Who may have put more trust in a coach or a third party in front of their responsibility to protect their child
Who may have been swept up by society’s emphasis on winning and the glorification of athlete as stars and celebrities and role models
Who may have used the sports environment as a substitute for good parenting… in assuming that the coaches and trainers will provide the same level of care and concern for their child’s well– being as they should through quality parenting
For enabling a population of misguided adults to take advantage of situations, all of which could be prevented with the proper planning, foresight and supervision and proper levels of trust.
The Sports Culture in America
For creating an environment that is diametrically opposed to the real value and purpose of youth sports
Where the basketball coach and football coach at the major universities are well known and have celebrity status while no one has ever heard of the University President or the world renown professors whose research and inventions have made worldwide valued contributions
For degrading college sports to nothing more than money machines where football and basketball coaches make 8 figure salaries and the majority of their athletes never graduate
Who praises the sports star for his ability on the field but allows his escape from punishment for domestic violence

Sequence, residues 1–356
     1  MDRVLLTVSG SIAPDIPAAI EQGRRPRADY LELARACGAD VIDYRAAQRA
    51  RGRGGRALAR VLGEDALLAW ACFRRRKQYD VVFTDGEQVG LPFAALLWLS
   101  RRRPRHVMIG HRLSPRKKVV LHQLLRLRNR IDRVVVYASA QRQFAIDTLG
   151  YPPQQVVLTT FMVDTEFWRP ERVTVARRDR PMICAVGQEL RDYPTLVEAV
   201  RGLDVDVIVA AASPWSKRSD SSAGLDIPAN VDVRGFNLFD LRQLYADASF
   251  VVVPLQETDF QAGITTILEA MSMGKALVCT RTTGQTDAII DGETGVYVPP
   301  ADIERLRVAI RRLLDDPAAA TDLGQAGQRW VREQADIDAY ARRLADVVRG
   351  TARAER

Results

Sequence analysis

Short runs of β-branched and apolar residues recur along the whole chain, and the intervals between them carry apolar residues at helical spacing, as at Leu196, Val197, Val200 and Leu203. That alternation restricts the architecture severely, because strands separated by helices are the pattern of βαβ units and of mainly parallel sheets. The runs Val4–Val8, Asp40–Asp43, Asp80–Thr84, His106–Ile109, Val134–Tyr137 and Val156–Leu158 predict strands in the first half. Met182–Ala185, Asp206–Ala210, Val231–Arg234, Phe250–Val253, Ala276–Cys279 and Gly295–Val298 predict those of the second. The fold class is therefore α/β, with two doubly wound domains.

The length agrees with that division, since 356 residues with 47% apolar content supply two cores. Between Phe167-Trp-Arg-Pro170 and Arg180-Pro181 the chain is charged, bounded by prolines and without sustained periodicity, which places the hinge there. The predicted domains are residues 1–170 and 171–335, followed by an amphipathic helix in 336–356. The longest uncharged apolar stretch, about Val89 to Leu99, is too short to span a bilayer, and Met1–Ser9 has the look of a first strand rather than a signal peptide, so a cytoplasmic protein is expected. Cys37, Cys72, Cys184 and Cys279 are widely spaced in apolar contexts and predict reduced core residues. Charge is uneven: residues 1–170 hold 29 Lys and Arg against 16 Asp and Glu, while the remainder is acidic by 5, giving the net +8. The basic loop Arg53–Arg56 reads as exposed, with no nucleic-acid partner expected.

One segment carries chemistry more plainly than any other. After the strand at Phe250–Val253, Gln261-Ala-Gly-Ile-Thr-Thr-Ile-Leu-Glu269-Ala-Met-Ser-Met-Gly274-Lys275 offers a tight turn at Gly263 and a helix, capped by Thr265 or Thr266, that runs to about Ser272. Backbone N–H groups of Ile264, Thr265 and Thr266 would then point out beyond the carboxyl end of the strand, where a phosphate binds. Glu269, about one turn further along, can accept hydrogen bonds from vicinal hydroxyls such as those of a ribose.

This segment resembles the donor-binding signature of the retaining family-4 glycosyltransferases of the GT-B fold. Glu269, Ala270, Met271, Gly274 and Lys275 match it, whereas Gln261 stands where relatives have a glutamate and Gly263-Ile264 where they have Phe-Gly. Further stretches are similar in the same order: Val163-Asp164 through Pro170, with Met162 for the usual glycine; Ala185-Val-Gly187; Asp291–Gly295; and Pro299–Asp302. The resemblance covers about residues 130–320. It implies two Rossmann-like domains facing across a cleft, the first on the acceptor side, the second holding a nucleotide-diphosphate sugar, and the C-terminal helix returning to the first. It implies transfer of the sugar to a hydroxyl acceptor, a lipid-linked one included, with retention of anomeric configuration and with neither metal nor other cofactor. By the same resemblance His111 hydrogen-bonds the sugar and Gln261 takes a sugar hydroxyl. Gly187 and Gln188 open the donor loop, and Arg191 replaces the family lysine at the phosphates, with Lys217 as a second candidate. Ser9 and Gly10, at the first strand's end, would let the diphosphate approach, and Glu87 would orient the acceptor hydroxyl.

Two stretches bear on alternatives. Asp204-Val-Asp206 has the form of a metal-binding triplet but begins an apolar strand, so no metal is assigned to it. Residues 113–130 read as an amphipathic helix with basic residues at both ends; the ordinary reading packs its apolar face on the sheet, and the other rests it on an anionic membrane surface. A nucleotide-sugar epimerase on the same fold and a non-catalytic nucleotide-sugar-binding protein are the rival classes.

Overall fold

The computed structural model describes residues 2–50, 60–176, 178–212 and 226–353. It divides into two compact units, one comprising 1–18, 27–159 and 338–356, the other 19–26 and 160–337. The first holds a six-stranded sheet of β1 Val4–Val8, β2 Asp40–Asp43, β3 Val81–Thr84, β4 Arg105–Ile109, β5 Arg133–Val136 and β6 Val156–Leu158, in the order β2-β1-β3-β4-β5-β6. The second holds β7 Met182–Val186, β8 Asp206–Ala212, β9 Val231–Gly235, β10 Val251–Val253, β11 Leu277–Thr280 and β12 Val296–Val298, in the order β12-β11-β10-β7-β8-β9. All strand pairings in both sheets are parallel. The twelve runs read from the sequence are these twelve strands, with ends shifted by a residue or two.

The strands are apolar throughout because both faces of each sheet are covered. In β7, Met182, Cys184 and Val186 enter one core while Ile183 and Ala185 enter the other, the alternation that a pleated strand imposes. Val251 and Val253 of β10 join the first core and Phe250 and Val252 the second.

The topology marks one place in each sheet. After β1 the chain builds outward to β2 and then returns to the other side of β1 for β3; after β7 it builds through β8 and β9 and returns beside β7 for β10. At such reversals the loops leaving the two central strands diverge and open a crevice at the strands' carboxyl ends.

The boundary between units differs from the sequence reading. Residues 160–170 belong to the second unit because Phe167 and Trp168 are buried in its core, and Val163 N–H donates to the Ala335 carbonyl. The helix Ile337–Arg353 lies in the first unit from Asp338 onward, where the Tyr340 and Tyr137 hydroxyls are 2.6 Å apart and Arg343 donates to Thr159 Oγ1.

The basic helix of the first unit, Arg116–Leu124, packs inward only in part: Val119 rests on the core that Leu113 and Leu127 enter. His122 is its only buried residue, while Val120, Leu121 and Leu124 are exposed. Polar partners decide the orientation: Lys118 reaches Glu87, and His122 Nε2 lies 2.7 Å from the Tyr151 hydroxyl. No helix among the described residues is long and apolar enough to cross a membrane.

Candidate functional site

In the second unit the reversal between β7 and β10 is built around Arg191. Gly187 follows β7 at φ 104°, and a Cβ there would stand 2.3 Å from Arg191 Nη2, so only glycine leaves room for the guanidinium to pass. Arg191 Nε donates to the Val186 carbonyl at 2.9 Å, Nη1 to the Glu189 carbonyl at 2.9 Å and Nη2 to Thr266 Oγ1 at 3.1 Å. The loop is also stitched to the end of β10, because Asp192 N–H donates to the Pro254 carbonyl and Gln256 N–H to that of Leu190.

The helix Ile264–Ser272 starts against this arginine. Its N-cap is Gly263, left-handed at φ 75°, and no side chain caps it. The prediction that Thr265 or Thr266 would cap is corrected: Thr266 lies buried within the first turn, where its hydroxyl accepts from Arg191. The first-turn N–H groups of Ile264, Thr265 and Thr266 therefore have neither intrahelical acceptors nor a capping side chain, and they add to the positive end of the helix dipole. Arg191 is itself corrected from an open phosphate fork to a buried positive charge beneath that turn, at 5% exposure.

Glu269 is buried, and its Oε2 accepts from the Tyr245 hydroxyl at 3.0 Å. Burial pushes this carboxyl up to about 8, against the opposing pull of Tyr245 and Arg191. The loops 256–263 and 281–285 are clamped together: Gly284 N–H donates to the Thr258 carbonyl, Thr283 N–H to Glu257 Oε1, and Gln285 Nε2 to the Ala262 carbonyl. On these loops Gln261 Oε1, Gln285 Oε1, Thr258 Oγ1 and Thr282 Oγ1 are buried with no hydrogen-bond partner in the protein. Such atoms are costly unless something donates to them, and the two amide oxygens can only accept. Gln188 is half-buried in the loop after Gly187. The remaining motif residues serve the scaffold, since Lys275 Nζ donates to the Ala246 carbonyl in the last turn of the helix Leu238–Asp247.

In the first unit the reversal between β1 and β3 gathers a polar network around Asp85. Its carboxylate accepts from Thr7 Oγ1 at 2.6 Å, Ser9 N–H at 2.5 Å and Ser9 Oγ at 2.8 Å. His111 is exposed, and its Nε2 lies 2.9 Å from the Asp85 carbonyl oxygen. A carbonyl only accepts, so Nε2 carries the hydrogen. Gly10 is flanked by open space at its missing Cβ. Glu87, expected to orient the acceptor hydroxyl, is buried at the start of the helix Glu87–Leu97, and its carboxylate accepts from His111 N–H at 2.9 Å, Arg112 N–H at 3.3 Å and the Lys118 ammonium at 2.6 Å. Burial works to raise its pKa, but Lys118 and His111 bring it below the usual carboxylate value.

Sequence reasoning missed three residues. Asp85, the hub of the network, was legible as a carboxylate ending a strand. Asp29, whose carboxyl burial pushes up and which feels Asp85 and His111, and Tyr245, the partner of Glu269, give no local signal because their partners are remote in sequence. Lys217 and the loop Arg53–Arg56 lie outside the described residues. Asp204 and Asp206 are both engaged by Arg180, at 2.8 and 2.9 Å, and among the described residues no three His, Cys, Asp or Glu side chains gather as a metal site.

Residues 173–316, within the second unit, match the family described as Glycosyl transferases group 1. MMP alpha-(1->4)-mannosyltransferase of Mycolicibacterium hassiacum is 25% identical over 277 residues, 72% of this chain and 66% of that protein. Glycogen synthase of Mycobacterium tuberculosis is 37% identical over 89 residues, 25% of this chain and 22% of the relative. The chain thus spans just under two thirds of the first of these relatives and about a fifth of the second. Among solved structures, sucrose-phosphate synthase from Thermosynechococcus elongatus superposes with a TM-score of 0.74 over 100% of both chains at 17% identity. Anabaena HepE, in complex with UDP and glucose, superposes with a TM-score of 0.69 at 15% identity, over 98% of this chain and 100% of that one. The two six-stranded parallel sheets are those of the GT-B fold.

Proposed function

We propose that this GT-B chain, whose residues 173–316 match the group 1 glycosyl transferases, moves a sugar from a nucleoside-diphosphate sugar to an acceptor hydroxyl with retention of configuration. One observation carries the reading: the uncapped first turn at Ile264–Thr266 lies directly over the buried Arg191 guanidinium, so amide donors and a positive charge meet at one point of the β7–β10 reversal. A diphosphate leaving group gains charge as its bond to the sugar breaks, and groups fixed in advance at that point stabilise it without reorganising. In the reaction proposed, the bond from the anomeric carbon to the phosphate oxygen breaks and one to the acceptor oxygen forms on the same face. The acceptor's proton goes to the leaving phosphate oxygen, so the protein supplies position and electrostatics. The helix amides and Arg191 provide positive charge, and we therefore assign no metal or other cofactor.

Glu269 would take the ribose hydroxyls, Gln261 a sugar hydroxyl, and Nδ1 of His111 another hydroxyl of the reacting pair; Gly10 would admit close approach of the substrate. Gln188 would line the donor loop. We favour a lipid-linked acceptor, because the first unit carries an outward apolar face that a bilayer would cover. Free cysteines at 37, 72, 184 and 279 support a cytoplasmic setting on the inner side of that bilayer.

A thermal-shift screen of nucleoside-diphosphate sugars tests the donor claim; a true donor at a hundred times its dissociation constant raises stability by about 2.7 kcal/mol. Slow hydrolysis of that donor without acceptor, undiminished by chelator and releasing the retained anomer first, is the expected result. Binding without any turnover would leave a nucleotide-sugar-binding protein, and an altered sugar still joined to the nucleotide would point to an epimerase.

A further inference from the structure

Who glorifies an individual who can play basketball but makes no other valued or lasting contribution to society while
proclaiming to be a role model
The universities who have lost their way and drop the sports experience for athletes in dozens of other sports while spending billions of dollars of their football and basketball programs
For the mentality and promotion that the Team that wins the Super Bowl or the World Series or the Stanley Cup is the champion, and all the rest of the teams in the league are the losers
For the dumbing of developmental sports programs where coaches and parents place the ability and talent of very young children above the values of the educational experience
Where a parent will have a personal hitting coach for their 8 year old daughter in Softball but would never consider a private tutor when the same child fails in math or science.
Where parents of a 10 year old Pee Wee football player spend more time looking into the value of nutritional supplements
as compared to the value of an educational experience
For its tolerance of sub-standard and bad behavior in sports
For allowing sports to be glorified to a point of compromising the culture of the quality and character of it’s people
For allowing our children to be victimized by over zealous individuals who have no interest in the individual participant but use these individuals for their own personal achievement, reward and recognition.
For not requiring and demanding a higher standard of people who are responsible to teaching and educating our future generations
ALL of US !!!
When we saw things that looked wrong, we should have spoken up
When we heard about things that were wrong, we should have asked questions and investigated further